Security audits in mobile devices (I)

Security audits in mobile devices (I)

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A few months ago I enjoyed my first online course. The topic? Security. Specifically, mobile devices security. More specifically, mobile devices security audits. As an Android developer I’m really concerned about security, not only as a developer, also as a user. And because I think that what I learned there can interest you I will try to explain it here. Probably it is too much content for only one post so I will divide it in two or three parts.


By the way, don’t do nothing stupid with the information I publish here. I’m not responsable of what you do with this information.They are some basics lessons, but enough to commit a cyber crime. Follow always the law 😉


Well, in this course I knew what is the Open Web Application Security Project (OWASP). It is an online foundation with a community which creates freely-available articles, methodologies, documentation, tools, and technologies in the field of digital security.I recommend you to take a look to their website, and also, if you are a mobile apps developer, take a look of these ten more commons vulnerabilities in mobile apps this year

What is a security audit?

When I talk about security audits here, I’m meaning toa manual measurable technical assessment of a system or application.

It’s a normal (and recommended) practise in many companies to contract the services of a group of auditors to check the security of different aspects of the company.This auditors will follow a methodology and their experience to inform the company about the risk of suffer an attack or have a security leak. So, the auditors should review all the devices, networks, but in this manual assessments is also included interviews with the staff, performs security vulnerability scans, the review of applications and operating system access controls, and the analysis of the physical access to the systems.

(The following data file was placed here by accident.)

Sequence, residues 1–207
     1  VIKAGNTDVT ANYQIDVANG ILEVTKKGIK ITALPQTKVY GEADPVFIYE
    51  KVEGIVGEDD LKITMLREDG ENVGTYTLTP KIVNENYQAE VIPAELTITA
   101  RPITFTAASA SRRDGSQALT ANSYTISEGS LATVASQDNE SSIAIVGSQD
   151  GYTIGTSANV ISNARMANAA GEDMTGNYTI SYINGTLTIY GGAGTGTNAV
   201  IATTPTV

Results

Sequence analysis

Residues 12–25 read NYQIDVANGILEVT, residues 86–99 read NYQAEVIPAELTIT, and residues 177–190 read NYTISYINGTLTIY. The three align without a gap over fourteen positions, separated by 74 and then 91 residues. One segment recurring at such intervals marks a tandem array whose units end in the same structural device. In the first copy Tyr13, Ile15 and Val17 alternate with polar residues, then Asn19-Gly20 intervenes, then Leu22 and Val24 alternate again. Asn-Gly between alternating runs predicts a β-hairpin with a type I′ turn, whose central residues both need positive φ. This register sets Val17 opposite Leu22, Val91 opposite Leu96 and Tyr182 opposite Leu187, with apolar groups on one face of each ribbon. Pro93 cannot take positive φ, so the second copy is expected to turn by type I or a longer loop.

Then, the auditors will present a final report with all what they have found, the vulnerabilities and solutions for this vulnerabilities, if there are possible solutions.

From where to start?

To do that, the auditors should follow some steps. There are some methodologies that differ each other in the order of the steps, or some of them add more steps that others. But, all this methodologies have something in common, normallythey always share the three most important steps:

-Information Gathering

-Dynamic Analysis

-Static Analysis

But before the auditor can start with the first step, it’s needed an authorization.

The different between do this process legally or illegally it lies in the authorization. Who has to give it? The owner of the devices and infrastructure that has to be audited, in this case the company.

So, before to start with the information gathering, the auditors should have from their client a complete and clear authorization, and they also should know “the rules of the game”.

“The rules of the game”

When I mention “the rules of the game” I’m referring to a document that the company provide to the auditors. In it the company explains all that files and folders where the auditors can access and take a look. It puts a limit to the auditors to check.

With the authorization in one hand and “the rules of the game” in the other hand, the auditors can start with the first phase of the process.

That part will be shown in the next post of this serie.

Process to have root privileges

But, again, to be able to start with the first step, previously the auditors should make one more things.

When we talk about mobile devices (smartphones and tablets), in general we talk about devices with limited privileges. The users can do many things, but if they want to have total control over all the aspects of the devices, they need root privileges. This is important. Without this rights, the auditors can’t access to the entire device, so they couldn’t do their jobs effectively. But, use a rooted device in our daily routine is something really dangerous. Not only because the user will lose the factory warranty, but if someone access to the device with root privileges, the intruder would have complete access to all the files, folders and processes of the device. So this can’t only produce a dangerous leak of information, to the user, but also to their friends and contacts.

That’s why the auditors, once they finish with the audit, should return all the devices to the old user privileges.

But meanwhile, with root access, they have free way to make a great audit.

In the next post, once the auditor has all the necessary to start, I will explain how continue with the audit.